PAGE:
Intro to Modern World History

11 Three World Order

Shelley Rose and Mark Cole


World War II destroyed the European-centered world that had emerged in the nineteenth century. In place of European world leadership and European empires, a three-world order emerged. The United States and the Soviet Union headed, respectively, the First and Second Worlds. Both of the super powers whole-heartedly believed in the universal applicability of their respective ideologies. The United States espoused liberal capitalism while the USSR did the same for communism. Soon after World War II, these two camps became engaged in a “cold war” to expand and counter each other’s global influence. The Third World consisted of formerly colonized and semicolonized nations, caught between the two superpowers’ rival ideological blocs. While most countries were able to free themselves of colonial rule, they were unable to overcome deep-rooted problems of poverty and underdevelopment. Moreover, Third World nations often became the staging ground for cold war conflicts. By the 1960s and 1970s, stresses appeared in this three-world order. Unrest and discontent boiled to the surface in all three worlds in different forms. New sources of power, multinational corporations, nongovernmental organizations, and oil-rich states shifted the balance of economic wealth and posed new problems.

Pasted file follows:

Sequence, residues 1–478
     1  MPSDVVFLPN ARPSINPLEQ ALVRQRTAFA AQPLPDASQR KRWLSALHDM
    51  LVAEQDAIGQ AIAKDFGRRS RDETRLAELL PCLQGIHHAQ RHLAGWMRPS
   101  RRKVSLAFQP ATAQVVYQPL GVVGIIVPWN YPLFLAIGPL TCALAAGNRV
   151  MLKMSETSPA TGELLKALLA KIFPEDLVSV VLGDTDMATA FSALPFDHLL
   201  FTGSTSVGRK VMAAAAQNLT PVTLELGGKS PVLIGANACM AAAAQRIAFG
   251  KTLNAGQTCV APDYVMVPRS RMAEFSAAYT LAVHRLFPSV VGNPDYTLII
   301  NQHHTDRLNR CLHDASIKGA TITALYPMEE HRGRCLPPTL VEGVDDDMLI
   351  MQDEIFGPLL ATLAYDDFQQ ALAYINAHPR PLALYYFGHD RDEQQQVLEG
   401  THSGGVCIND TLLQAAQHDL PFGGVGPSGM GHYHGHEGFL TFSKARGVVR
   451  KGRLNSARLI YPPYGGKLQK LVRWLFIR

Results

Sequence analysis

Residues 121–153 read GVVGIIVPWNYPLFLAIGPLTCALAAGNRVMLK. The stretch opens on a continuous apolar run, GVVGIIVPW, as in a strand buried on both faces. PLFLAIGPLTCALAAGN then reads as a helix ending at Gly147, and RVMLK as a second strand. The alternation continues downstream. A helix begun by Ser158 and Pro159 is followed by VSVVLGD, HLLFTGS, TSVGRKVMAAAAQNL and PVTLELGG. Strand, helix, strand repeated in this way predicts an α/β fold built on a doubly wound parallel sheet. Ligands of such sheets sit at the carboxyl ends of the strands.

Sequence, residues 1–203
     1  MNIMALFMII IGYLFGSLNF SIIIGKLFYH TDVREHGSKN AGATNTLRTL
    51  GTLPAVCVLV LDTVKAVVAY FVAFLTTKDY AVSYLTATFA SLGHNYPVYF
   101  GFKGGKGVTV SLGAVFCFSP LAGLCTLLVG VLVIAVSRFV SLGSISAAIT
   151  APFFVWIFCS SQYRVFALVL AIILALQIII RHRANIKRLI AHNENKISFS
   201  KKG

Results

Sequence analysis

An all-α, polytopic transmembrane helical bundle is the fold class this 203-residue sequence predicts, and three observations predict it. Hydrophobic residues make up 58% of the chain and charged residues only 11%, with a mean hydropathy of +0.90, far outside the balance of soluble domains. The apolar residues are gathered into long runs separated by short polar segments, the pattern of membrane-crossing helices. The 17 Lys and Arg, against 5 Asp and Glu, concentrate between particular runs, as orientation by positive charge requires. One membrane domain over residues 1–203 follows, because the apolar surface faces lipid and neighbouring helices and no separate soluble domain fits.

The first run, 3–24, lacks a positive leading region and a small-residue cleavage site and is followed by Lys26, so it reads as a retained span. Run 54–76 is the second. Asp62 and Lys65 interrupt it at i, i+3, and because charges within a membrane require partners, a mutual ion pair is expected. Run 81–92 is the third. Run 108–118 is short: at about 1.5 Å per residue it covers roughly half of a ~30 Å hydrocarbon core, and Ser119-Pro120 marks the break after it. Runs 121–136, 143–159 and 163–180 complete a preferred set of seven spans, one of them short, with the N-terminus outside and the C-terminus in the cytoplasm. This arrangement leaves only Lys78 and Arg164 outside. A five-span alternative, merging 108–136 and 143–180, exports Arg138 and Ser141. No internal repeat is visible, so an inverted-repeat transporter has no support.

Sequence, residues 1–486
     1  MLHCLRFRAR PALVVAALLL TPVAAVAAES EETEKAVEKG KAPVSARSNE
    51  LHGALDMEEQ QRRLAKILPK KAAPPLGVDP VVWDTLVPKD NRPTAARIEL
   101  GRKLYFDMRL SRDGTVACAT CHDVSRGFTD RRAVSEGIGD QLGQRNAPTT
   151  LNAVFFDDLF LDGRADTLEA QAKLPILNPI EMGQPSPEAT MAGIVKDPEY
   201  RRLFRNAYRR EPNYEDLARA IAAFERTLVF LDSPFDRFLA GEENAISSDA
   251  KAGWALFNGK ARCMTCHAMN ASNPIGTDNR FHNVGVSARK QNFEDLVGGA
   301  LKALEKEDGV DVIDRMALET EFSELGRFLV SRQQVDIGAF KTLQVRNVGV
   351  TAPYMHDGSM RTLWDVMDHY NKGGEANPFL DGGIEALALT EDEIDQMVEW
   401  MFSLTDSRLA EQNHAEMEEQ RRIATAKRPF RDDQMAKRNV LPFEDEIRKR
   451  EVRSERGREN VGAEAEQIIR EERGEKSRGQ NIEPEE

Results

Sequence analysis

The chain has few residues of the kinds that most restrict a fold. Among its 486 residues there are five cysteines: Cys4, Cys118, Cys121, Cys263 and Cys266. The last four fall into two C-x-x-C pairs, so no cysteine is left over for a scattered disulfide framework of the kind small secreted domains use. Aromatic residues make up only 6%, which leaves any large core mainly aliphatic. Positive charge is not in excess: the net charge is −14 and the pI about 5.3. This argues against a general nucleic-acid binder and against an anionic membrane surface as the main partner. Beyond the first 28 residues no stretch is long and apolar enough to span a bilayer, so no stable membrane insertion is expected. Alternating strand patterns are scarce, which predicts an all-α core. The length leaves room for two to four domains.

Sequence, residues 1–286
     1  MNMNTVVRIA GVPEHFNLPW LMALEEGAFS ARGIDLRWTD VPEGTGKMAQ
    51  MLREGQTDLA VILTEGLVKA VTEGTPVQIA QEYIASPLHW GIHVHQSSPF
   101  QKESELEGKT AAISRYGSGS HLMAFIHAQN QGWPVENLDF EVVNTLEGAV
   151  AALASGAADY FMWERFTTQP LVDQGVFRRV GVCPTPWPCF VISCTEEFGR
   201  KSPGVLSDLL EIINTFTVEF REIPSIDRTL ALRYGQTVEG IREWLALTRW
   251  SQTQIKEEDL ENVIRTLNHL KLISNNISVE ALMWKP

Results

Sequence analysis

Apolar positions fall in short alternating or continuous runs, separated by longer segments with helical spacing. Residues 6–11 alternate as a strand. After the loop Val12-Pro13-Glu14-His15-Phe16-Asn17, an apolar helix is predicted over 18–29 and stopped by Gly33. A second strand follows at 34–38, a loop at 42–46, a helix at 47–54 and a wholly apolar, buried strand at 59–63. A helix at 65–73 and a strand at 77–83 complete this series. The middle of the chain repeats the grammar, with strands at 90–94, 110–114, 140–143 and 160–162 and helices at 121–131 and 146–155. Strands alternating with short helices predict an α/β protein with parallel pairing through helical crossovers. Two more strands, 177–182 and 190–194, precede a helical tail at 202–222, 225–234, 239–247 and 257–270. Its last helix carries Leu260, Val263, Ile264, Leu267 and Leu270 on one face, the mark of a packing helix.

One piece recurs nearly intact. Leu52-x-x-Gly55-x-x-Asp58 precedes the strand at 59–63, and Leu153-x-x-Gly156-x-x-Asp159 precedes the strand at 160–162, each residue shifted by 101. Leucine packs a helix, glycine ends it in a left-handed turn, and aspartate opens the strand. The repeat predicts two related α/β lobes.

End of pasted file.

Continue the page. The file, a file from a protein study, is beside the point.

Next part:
After completing Module 11 you will be able to:

  1. Explain the relationship between World War II and the three-world order.
  2. Analyze the extent to which World War II was a global war.
  3. Assess the roles that the United States and the Soviet Union played in the Cold War.
  4. Identify the goals of Third World states in this period, and evaluate the degree to which these goals were achieved.
  5. Compare the civil rights issues in the first, second, and third worlds, and assess the ways each “world” addressed these and other basic rights.

Section 1: Cold War and Revolutions of 1989

  1. Read Making the History of 1989
  2. Create a narrative in the app of your (or your instructor’s) choice from the perspective of one of the historical figures in these documents. Present their arguments in the first-person .
  3. Post the link to your on the course discussion board.


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